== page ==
23-Jul-2018 - Max-Planck-Institut für chemische Energiekonversion

O2 stable hydrogenases for applications

A team of researchers from the Max Planck Institute for Chemical Energy Conversion and the MPI für Kohlenforschung in Mülheim an der Ruhr have succeeded in optimizing naturally occurring catalysts (hydrogenases) for application.

Hydrogen as an energy vector

Hydrogen gas (H2) has been proposed as an ideal energy vector. It can be produced from water, ideally using renewable energy sources and using an efficient catalyst to split water into H2 and oxygen (O2). The H2 produced can then be stored as a fuel and consumed in a fuel cell to produce electricity on demand generating harmless water as a waste product. This technology is already available and can reach high efficiencies. Unfortunately, the catalysts required are based on rare and expensive metals like platinum.


Nature also employs H2 as a fuel, but instead of using precious metals, living organisms utilize enzymes as catalysts, and the catalyst of choice for H2 cycling are the hydrogenases. The active center of these enzymes contains earth-abundant metals like nickel and/or iron and can operate as efficiently as platinum. However, hydrogenases are very sensitive to oxygen and cannot be handled under air, complicating manipulation of them and therefore limiting their use in technological applications.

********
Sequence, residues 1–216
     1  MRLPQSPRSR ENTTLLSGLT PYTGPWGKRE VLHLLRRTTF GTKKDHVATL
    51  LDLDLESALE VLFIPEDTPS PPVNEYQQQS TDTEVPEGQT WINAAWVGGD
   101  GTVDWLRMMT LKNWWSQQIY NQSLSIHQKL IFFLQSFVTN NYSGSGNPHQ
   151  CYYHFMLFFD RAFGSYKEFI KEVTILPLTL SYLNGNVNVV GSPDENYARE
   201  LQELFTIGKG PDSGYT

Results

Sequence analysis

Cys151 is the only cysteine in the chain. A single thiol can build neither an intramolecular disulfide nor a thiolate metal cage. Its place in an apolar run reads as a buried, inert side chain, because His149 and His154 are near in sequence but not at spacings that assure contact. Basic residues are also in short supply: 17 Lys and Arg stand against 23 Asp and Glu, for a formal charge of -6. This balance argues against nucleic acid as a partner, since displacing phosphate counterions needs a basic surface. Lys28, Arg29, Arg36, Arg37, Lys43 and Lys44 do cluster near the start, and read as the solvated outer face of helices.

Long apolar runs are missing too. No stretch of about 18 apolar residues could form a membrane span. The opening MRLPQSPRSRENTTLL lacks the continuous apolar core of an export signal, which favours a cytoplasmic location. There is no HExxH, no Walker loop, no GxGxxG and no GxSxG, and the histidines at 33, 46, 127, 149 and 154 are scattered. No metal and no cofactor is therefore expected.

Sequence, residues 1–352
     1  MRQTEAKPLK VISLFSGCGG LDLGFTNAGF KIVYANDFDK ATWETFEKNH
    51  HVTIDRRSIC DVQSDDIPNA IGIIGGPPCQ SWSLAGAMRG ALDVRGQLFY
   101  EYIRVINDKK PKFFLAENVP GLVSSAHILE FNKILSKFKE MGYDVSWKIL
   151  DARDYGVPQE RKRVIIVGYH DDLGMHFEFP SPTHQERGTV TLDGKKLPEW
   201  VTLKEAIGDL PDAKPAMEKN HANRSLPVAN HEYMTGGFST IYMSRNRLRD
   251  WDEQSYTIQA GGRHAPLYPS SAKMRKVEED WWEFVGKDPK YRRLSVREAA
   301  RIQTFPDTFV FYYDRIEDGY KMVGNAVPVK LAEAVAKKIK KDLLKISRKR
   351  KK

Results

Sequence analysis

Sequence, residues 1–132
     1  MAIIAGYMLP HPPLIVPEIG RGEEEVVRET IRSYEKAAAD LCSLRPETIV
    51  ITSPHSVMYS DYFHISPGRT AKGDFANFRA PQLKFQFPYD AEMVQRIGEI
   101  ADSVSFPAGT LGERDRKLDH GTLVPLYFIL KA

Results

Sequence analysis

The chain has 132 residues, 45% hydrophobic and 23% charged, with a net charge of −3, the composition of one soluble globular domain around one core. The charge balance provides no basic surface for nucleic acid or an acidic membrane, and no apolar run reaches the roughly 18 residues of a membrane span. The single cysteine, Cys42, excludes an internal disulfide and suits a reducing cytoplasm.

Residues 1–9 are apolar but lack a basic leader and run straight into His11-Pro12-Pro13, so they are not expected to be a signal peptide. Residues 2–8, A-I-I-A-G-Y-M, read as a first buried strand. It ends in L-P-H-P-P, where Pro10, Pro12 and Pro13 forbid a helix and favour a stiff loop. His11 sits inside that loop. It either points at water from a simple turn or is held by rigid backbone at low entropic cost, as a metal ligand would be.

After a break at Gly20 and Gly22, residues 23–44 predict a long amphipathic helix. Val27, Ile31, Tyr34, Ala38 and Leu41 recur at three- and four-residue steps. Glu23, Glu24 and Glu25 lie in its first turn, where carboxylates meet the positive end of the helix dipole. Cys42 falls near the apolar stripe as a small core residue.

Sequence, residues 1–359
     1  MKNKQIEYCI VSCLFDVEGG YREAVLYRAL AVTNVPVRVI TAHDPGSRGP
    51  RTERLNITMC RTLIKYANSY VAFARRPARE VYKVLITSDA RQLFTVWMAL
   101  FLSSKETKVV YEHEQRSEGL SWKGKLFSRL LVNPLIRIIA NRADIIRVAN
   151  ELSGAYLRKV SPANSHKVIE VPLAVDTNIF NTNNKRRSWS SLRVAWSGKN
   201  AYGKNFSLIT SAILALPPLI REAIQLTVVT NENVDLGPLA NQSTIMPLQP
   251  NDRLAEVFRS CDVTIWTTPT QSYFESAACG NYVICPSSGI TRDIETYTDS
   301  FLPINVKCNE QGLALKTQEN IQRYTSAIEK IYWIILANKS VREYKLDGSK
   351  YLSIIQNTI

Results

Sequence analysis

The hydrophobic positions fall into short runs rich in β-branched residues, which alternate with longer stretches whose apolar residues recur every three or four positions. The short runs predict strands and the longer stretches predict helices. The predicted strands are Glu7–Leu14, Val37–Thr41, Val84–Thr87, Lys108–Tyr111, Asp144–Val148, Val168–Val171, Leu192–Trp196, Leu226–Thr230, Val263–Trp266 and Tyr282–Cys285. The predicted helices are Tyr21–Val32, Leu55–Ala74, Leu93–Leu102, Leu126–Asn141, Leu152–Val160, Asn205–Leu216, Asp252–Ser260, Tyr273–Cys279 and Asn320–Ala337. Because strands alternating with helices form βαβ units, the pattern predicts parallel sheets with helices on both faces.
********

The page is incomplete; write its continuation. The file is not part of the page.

Producing “easy-to-handle” hydrogenases

Very recently, a team from the Mülheim-based Max Planck Institutes (Mülheim Chemistry Campus) have discovered a way to protect these sensitive enzymes from oxygen damage. Treating the purified hydrogenase with strong oxidizing agents in the presence of sulfide converted it to an oxygen stable form. Spectroscopic and electrochemical methods were used to characterize the oxygen-stable state obtained. The oxygen stable enzyme can then be stored and handled under air making it easy to employ in fuel cells or water splitting devices. This research provides a step forward towards the use of these enzymes in technological applications as well as in understanding the mechanism of inactivation by oxygen. It also provides clues for protecting synthetic molecular catalysts designed for hydrogen conversion and production.

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